Background: To assess the possibility of injury as a result of behind armor blunt trauma (BABT), a study was undertaken to determine the conditions necessary to produce the 44-mm clay deformation as set forth in the National Institute of Justice (NIJ) Standard 0101.04. These energy levels were then applied to a three-dimensional Human Torso Finite Element Model (HTFEM) with soft armor vest. An examination will be made of tissue stresses to determine the effects of the increased kinetic energy levels on the probability of injury.
Methods: A clay finite element model (CFEM) was created with a material model that required nonlinear properties for clay. To determine these properties empirically, the results from the CFEM were matched with experimental drop tests. A soft armor vest was modeled over the clay to create a vest over clay block finite element model (VCFEM) and empirical methods were again used to obtain material properties for the vest from experimental ballistic testing. Once the properties for the vest and clay had been obtained, the kinetic energy required to produce a 44-mm deformation in the VCFEM was determined through ballistic testing. The resulting kinetic energy was then used in the HTFEM to evaluate the probability of BABT.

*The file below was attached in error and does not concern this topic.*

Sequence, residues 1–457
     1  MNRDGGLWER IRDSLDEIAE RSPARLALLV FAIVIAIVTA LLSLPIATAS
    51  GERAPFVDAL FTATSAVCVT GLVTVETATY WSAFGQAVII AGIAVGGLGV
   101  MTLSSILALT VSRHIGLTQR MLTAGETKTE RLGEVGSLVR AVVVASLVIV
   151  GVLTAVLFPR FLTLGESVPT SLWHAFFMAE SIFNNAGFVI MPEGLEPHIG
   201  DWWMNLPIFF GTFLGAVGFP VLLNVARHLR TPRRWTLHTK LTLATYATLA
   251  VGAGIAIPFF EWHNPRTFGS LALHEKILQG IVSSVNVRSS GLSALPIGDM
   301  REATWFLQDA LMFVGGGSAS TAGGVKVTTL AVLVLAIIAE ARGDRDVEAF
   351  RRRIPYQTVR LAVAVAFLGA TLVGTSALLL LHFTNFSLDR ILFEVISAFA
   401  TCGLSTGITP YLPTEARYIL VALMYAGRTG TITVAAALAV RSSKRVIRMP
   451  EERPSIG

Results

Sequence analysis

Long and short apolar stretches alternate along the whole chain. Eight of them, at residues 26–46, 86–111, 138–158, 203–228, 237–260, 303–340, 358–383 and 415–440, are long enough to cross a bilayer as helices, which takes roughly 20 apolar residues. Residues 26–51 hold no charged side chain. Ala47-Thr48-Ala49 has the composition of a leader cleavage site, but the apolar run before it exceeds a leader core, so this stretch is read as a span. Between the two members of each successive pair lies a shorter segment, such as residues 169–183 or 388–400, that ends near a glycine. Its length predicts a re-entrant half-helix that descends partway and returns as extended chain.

Results: The VCFEM, with determined clay and vest material properties, was exercised with the equivalent of a 9-mm (8-gm) projectile at various impact velocities. The 44-mm clay deformation was produced with a velocity of 785 m/s. This impact condition (9-mm projectile at 785 m/s) was used in ballistic exercises of the HTFEM, which was modeled with high-strain rate human tissue properties for the organs. The impact zones were over the sternum anterior to T6 and over the liver. The principal stresses in both soft and hard tissue at both locations exceeded the tissue tensile strength.
Conclusions: This study indicates that although NIJ standard 0101.04 may be a good guide to soft armor failure, it may not be as good a guide in BABT, especially at large projectile kinetic energies. Further studies, both numerical and experimental, are needed to assist in predicting injury using the NIJ standard.